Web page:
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• liamjstrachan
Subscriber

I understand symmetry will make the problem easier, however for this project I have to simulate the full model.

Also, instead of cubes, im using two cuboids as the flat plates (assign steel properties to them and use them to apply compressive load) but when I go to extrude, I get an error "intersecting profiles are not allowed for 3D profile". How do I overcome this so I can model my two flat plates?

• peteroznewman
Subscriber

You can create a quarter model and use a feature in post-processing to mirror the elements and results so that it looks like a full model. A screen snapshot of that will be indistinguishable from a full model.

Delete the Extrude and the Sketch, which has 10 lines on it. On Plane 13, make a new Sketch. Use the Rectangle tool in Sketch to drag from one corner to the diagonally opposite corner. You will have 4 lines. That sketch will extrude cleanly.

• liamjstrachan
Subscriber

When creating the vertical translational joint, how do I orientate the coordinate systems so the local X is pointing in the global y direction?

• liamjstrachan
Subscriber

Managed to get the coordinate system rotated, however when I ran the simulation, I got the above error.

• Sandeep Medikonda
Ansys Employee

Please see if this suggestion from the manual help?

You need to constrain your model properly. How is the part in the middle constrained? I am assuming just using contacts, this could be the problem.

Regards,
Sandeep

• peteroznewman
Subscriber

You could get rid of this error by building a half model, cutting on the YZ plane and setting the cut face to have X=0, which is the Symmetry Boundary Condition. You can make the results look like a full model by mirroring the results display.

I assume the contacts are frictional with a non-zero coefficient of friction.

Under the Connections folder, Insert a Contact Tool and Generate Initial Contact Results. Check to see that all the contacts are closed.  If not, change the Contact to include Adjust to Touch.

Under Analysis Settings, turn Auto Time Stepping On and set the Initial Substeps to 100 and Maximum Substeps to 200.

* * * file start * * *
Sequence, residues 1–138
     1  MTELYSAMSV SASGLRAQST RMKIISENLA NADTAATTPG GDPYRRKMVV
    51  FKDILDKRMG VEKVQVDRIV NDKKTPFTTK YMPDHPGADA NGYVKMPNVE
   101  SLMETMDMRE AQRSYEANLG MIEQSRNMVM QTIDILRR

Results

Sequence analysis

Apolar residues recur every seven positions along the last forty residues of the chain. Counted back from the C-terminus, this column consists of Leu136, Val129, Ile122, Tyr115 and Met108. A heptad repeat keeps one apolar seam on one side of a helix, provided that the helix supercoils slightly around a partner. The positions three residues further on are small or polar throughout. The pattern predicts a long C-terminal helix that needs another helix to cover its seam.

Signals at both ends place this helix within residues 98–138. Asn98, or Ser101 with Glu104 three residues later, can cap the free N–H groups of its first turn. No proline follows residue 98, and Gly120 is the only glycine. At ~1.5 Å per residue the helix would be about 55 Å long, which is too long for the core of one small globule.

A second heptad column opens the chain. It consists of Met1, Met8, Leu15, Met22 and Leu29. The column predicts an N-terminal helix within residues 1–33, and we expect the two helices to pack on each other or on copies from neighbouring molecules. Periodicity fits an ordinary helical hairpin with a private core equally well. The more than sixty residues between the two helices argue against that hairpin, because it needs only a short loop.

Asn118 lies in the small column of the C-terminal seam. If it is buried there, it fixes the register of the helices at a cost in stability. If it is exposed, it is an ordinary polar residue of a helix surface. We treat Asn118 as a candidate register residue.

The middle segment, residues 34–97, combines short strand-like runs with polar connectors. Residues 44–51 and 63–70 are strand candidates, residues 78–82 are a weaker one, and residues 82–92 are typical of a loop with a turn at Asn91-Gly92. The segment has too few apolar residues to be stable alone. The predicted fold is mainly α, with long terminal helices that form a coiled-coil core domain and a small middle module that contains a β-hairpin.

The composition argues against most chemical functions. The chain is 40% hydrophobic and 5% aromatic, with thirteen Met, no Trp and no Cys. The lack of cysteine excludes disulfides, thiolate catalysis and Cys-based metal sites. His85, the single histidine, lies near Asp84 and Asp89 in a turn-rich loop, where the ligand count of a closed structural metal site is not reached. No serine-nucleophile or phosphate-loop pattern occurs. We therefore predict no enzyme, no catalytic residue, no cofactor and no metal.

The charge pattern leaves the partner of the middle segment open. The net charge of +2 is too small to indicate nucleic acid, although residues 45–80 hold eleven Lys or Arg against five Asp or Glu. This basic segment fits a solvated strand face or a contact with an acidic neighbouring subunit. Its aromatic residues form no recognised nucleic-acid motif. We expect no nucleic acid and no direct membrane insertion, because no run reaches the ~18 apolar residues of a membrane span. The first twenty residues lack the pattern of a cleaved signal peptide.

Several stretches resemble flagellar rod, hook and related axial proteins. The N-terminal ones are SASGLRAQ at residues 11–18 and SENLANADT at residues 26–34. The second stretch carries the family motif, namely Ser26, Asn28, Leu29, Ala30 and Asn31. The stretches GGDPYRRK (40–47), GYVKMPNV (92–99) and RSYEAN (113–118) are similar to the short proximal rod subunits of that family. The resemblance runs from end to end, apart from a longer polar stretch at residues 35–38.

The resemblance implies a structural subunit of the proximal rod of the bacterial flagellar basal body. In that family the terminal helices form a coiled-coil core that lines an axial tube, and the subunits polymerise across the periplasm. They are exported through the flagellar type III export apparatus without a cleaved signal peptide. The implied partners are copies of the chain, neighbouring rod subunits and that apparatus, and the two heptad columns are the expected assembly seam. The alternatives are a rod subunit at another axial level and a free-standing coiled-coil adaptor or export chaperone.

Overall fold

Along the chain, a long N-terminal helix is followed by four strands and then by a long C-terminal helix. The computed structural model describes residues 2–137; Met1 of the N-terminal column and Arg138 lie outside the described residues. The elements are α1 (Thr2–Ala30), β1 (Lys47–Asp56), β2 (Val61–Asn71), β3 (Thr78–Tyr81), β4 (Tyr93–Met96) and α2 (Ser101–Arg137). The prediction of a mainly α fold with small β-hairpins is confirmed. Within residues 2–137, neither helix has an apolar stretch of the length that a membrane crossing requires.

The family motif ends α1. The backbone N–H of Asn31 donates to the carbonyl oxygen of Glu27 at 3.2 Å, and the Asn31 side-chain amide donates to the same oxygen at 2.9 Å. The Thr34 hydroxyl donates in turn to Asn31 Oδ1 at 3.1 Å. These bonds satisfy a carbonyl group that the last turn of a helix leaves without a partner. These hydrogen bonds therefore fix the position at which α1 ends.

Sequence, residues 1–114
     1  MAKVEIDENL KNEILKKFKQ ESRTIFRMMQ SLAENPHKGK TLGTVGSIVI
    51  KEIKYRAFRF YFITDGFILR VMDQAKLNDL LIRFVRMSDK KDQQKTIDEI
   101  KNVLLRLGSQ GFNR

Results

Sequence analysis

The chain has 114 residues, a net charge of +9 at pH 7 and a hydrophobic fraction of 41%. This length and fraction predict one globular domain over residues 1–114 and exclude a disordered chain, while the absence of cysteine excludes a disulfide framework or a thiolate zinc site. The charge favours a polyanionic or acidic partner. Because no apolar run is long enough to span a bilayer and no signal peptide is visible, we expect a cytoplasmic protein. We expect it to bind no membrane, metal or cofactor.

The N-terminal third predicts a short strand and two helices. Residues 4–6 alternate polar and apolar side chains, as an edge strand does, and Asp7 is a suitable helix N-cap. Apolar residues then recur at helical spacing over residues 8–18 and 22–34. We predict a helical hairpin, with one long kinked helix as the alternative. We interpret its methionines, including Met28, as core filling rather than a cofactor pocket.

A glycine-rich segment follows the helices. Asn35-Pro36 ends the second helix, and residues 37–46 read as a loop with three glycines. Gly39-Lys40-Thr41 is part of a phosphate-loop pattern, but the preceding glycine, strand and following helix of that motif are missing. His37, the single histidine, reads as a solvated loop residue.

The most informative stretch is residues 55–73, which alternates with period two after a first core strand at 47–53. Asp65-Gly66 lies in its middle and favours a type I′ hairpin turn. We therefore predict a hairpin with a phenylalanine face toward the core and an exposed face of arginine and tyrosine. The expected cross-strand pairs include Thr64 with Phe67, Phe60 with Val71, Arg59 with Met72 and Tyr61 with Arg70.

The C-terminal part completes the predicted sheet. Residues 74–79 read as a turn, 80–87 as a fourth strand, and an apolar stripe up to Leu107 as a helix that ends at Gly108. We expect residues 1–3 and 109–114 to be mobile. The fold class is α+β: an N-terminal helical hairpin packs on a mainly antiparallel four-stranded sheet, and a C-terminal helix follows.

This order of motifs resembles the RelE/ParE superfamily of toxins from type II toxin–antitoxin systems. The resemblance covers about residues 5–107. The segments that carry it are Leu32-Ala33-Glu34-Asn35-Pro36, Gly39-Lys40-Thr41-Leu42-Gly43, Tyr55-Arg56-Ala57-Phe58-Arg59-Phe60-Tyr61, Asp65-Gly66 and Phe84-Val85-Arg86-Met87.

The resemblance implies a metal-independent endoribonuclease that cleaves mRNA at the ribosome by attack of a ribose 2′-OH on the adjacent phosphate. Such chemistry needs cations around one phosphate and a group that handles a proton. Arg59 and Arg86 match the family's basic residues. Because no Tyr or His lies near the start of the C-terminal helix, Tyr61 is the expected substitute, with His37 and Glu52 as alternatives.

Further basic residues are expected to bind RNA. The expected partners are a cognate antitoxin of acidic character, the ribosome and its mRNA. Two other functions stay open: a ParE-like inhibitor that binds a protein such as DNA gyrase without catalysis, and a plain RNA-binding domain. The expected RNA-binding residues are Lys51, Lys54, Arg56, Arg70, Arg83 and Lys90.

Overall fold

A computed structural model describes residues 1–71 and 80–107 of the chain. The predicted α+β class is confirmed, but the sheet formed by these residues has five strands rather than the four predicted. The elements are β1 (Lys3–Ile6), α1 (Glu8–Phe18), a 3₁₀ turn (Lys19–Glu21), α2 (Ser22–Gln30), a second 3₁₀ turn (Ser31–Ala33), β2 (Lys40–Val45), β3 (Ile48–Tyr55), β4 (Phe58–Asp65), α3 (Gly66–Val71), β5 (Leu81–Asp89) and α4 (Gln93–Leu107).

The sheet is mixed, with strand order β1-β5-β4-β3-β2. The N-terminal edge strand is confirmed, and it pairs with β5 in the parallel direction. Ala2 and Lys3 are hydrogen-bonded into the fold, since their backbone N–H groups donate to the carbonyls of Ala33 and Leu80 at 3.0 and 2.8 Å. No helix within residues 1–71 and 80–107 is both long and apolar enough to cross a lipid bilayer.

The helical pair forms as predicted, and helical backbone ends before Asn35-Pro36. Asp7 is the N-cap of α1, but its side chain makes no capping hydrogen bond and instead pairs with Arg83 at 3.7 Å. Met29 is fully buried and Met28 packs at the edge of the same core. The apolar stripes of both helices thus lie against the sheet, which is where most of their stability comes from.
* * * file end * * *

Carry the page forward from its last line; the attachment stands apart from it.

• liamjstrachan
Subscriber

I have the coefficient of friction set to 0.2, should it be 0?

Also, there is the results of the contact tool.

Is there any way I could manage to share my file so that you could have a look at it if possible?

• peteroznewman
Subscriber

Coefficient of friction should be 0.2 not 0.

After you Insert a Contact Tool in the Connections folder, expand the Contact Tool and there will be Initial Contact Status. You have to RMB and Generate Initial Contact Status, then there will be a table in the Worksheet.

You can share your file so I can have a look at it by following these directions.

• liamjstrachan
Subscriber

My contacts are infact open, but I cant seem to find the "adjust to touch" selection?

Also, one I convert to a wbpz file, how do I attach?

• peteroznewman
Subscriber

After you post a reply, the Attach button appear on the right side of your post.  Browse then Upload.

• liamjstrachan
Subscriber

I changed the interface treatment to "adjust to touch" to close my connections. Now, the simulation seems to take forever to solve as it has been stuck (see picture attached) for the last 5 minutes.

• peteroznewman
Subscriber

The file you uploaded did not have the Adjust to Touch change made in the two contacts, which were open.  I made that change and a few other small tweaks. Once you hit Solve, you can monitor the progress by clicking on Solution Information and picking Force Convergence instead of Solver Output. Then you will see the graph below being plotted a point at a time.  That is a good way to know the solution is making progress.

The solver needed 24 iterations to apply the full load from the 100th starting step. If you solve again, you can try to replace the 100 with 20 and it might reduce the number of steps needed to get to the full load (Time = 1 s).

The wait time for the 24 iterations depends on the size of the model and the number of cores you are solving on. If you use quarter symmetry as I suggested above, you will cut your wait time to a quarter. If you use a rigid surface instead of a steel block, you will cut the wait time further. This full model took 5.8 minutes solving on a 15 core computer and 9.6 minutes on a 4 core computer. The solver needed  6 GB of free RAM to solve it without using the HDD. If you have a 2 core computer with only 4 GB of RAM, it will take more than 15 minutes. You can see the Elapsed time if you flip back to the Solver Output and scroll to the bottom.

Looking at the Stress results, you can see that you don't have small enough elements to capture the true solution, which is peak stress below the surface.  The coarse elements you have show the peak stress at the surface, which is incorrect. Smaller elements are going to increase the wait time for the solution. You don't need small elements all through the solid, just at the contact points. This is where the sizing mesh control Sphere of Influence is useful.

Regards,
Peter